HOW CAN WE HELP YOU? Call 1-800-TRY-CHOP
CMEM News & Announcements
Displaying announcements from the past three years.
1 - 17 of 17
Douglas C. Wallace, PhD, investigates the role of adaptive immunity in the etiology of Alzheimer’s disease (AD) and AD-related dementias.
The FDA approved an oral drug, based on foundational research conducted at CHOP, to treat a rare, severe bone disease. More In The News.
While mitochondrial function recovered in the lungs, function did not recover in the heart and other organs, leading to long-term damage and a possible explanation for detrimental effects of “long COVID.”
With a grant from the Gates Foundation, CHOP researchers are working to determine the importance of mitochondria DNA variation in COVID-19 severity.
Featured Diversity Fellow Arnold Olali, PhD, is focused on understanding how mitochondria affect overall health.
A U.S. Department of Defense grant will support CHOP researchers in their study of noninvasive methods to diagnose mitochondrial diseases.
Learn about novel findings from our Children’s Hospital of Philadelphia researchers.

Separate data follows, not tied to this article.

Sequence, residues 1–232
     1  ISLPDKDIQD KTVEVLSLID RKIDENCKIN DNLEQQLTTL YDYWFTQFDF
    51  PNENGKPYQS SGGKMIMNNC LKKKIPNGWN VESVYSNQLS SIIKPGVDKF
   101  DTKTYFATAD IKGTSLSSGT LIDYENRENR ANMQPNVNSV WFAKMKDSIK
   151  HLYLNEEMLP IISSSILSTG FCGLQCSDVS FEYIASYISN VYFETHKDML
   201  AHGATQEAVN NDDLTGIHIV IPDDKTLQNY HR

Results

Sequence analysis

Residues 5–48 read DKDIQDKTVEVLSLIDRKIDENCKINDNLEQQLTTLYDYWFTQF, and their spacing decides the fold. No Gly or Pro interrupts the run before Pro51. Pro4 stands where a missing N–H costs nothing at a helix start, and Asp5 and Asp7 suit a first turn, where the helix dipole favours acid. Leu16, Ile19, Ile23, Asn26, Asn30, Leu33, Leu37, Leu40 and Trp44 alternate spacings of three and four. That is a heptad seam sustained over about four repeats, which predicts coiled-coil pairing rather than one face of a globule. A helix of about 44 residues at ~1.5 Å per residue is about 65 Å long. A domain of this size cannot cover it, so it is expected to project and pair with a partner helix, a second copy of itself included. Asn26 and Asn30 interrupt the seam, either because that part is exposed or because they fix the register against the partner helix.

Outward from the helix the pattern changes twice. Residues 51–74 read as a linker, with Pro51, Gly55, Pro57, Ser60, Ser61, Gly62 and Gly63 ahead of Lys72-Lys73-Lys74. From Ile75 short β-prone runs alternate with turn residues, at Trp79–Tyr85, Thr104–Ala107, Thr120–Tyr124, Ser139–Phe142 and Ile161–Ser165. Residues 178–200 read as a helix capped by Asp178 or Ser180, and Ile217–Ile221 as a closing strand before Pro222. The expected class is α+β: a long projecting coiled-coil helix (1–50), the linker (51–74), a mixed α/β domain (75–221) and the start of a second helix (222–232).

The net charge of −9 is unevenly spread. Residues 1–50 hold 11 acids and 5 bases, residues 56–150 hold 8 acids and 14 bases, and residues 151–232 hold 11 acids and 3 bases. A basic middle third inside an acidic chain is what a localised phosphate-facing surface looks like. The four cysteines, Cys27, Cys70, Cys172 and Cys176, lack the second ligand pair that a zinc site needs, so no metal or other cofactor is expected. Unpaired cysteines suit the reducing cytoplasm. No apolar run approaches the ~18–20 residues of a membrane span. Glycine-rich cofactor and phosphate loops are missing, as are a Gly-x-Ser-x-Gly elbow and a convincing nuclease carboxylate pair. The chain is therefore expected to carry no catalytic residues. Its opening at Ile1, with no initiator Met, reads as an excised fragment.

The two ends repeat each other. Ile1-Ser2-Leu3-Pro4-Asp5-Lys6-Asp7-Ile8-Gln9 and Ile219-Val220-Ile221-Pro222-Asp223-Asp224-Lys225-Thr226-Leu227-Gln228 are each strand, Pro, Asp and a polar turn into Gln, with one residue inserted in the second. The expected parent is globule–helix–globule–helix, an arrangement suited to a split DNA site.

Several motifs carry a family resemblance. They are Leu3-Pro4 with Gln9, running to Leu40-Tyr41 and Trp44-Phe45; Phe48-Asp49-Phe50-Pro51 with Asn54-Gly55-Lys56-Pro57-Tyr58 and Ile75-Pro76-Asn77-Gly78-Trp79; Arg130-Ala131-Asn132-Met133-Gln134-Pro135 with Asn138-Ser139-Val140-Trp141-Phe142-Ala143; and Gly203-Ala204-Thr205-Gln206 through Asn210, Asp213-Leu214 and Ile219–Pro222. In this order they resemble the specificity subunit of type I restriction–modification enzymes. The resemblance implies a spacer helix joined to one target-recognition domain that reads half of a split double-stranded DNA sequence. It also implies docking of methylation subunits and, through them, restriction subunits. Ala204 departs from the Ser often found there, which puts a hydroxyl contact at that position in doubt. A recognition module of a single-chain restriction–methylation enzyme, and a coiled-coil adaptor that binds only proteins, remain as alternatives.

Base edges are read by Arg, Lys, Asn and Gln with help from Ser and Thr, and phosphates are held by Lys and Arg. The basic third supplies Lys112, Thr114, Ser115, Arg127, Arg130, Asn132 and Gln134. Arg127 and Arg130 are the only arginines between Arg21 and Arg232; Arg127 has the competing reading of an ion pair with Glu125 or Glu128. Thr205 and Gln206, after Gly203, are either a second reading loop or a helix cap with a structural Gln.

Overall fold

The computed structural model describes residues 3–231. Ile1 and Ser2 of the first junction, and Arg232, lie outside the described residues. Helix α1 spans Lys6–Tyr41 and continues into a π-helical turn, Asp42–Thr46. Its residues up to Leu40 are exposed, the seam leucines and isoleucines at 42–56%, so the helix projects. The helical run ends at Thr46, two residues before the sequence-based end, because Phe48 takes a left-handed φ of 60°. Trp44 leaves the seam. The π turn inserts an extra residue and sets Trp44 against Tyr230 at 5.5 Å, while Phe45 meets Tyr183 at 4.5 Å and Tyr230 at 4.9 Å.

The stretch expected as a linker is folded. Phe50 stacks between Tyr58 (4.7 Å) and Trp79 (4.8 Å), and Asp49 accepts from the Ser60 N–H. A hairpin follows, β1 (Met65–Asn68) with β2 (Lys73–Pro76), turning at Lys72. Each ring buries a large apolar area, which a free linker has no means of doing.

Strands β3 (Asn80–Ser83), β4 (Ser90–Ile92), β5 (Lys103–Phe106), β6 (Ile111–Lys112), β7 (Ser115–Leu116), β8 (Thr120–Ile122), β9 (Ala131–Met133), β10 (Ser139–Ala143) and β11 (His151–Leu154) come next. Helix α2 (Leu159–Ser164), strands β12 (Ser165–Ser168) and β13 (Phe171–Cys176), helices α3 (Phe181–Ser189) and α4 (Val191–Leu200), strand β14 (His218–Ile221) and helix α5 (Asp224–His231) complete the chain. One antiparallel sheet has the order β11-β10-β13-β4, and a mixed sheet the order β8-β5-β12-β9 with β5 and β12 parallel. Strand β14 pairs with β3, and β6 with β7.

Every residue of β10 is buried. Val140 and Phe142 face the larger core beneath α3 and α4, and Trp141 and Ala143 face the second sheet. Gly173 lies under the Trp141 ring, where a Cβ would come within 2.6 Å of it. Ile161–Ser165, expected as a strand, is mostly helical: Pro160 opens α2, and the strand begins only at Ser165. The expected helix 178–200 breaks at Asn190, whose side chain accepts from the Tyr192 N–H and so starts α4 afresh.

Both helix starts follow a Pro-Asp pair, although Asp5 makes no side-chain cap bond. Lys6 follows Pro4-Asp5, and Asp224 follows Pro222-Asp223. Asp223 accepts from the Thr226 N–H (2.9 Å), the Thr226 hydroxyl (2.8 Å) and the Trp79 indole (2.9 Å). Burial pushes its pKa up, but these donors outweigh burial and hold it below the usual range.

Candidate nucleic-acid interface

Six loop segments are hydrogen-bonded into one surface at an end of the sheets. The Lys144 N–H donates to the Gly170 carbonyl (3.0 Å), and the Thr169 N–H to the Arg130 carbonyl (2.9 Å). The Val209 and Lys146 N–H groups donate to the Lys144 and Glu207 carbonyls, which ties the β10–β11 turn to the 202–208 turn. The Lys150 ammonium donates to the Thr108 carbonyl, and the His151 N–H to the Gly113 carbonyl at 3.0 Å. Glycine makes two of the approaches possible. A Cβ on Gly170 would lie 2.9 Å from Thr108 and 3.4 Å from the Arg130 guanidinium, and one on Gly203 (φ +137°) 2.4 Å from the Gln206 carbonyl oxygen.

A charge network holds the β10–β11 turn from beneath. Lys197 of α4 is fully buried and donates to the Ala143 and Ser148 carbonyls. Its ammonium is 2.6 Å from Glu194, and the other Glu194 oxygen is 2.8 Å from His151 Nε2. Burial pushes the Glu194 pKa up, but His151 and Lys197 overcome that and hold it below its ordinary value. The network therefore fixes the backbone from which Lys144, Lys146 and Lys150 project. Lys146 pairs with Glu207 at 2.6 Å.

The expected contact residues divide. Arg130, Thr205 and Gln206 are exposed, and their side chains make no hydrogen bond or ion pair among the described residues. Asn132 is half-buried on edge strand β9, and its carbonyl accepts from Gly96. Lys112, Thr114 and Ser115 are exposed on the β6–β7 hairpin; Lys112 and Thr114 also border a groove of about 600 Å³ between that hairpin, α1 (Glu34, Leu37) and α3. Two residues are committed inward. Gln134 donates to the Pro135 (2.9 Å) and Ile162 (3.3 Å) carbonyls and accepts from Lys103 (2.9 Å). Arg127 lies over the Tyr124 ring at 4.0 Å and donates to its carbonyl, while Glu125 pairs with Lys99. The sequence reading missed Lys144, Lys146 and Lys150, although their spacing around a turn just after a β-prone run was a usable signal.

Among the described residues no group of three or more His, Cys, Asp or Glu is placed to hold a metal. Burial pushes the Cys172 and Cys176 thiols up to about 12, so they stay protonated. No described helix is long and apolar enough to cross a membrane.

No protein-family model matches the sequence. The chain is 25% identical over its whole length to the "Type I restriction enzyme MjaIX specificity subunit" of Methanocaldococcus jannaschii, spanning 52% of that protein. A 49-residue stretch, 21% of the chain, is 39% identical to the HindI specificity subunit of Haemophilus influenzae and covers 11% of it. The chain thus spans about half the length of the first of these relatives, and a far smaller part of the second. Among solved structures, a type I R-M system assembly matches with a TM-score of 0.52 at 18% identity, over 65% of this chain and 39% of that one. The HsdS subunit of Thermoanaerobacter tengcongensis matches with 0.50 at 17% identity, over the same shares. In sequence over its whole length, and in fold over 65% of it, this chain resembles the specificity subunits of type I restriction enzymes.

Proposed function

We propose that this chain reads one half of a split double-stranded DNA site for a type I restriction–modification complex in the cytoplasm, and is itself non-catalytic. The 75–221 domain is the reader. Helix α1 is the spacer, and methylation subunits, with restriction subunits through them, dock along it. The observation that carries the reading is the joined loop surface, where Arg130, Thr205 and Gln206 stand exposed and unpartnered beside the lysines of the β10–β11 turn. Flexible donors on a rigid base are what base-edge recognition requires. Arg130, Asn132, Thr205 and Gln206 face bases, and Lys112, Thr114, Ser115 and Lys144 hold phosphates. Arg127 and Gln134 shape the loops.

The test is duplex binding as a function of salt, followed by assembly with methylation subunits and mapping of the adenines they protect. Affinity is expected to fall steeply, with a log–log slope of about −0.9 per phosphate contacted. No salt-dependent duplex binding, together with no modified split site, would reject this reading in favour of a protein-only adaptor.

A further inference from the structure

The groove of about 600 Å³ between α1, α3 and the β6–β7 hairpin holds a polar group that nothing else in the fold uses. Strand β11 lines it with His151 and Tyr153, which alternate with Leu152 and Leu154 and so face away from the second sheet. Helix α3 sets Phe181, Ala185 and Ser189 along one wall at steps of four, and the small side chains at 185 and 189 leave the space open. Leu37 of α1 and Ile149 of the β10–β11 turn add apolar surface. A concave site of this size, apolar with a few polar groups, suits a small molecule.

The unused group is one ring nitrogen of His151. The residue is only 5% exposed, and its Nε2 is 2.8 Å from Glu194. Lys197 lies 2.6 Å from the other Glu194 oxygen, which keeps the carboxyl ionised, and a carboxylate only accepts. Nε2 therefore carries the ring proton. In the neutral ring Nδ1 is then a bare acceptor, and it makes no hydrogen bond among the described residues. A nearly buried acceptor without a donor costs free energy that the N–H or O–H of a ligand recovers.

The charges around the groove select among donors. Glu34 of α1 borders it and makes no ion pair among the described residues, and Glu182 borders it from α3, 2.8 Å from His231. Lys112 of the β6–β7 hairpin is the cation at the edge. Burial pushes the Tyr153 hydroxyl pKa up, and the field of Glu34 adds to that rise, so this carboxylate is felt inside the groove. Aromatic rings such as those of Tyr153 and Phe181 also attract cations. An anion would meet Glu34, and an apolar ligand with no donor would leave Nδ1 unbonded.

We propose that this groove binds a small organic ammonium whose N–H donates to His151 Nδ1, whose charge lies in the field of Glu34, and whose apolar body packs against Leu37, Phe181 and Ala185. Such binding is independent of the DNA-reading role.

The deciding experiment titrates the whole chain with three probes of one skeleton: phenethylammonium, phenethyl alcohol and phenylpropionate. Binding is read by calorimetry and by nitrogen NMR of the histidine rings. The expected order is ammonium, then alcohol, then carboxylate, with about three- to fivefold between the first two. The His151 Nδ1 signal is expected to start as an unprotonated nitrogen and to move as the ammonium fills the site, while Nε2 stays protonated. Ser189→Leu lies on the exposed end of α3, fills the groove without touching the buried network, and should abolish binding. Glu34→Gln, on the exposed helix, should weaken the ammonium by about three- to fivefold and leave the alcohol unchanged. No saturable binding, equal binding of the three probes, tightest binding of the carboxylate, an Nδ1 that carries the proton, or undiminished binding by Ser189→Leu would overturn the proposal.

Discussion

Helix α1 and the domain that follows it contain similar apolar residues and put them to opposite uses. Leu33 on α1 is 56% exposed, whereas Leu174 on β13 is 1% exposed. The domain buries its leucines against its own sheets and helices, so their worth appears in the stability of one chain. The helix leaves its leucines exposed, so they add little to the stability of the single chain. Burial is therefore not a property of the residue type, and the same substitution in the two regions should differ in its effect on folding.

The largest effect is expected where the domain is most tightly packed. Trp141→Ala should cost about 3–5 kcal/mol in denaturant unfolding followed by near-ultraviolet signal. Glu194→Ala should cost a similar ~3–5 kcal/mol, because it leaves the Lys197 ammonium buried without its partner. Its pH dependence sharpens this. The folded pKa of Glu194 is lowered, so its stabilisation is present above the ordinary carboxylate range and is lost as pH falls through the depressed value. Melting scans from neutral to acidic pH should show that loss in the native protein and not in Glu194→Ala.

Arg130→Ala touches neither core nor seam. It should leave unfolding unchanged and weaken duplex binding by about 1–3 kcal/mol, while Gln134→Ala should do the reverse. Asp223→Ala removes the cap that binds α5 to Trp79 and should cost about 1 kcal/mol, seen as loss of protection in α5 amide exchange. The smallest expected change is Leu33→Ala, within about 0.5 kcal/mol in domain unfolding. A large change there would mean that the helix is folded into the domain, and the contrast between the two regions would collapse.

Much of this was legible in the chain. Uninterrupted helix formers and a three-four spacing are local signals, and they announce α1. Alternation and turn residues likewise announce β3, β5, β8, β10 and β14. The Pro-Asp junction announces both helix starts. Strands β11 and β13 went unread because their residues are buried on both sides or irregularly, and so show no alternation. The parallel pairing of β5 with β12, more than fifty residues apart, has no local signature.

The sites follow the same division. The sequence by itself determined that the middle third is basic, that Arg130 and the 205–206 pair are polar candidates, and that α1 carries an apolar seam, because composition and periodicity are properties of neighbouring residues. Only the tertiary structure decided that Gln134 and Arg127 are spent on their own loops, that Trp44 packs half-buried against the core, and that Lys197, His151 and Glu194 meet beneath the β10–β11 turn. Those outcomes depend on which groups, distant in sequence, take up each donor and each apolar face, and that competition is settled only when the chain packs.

New study shows how nicotimamide riboside, part of the vitamin B3 family, could mitigate myopathy caused by a genetic variant.
Read about the latest discoveries and awards at Children’s Hospital of Philadelphia Research Institute.
The mitochondrial genetic status of patients should be considered when recommending exercise as therapy.
The Center for Mitochondrial and Epigenomic Medicine will be awarding two research grants of $25,000 each for the period of January 1, 2022
Findings support lysosomal acidification strategies for pediatric neurodegenerative disorders with impaired mitochondrial quality control.
CHOP and Penn researchers find connection between mitochondrial function and mental illness in patients with a rare genetic disorder.
The results of the study may eventually lead to targeted prevention and treatment strategies for patients with the condition.
Discover new findings about COVID-19 testing before surgery, the link between mitochondria and autism, and how neighborhoods affect sleep.
Autism spectrum disorder may be caused by defects in the mitochondria of brain cells, according to new research published online in PNAS.
Request for applications for four $25,000 grants: Center for Mitochondrial and Epigenomic Research (CMEM)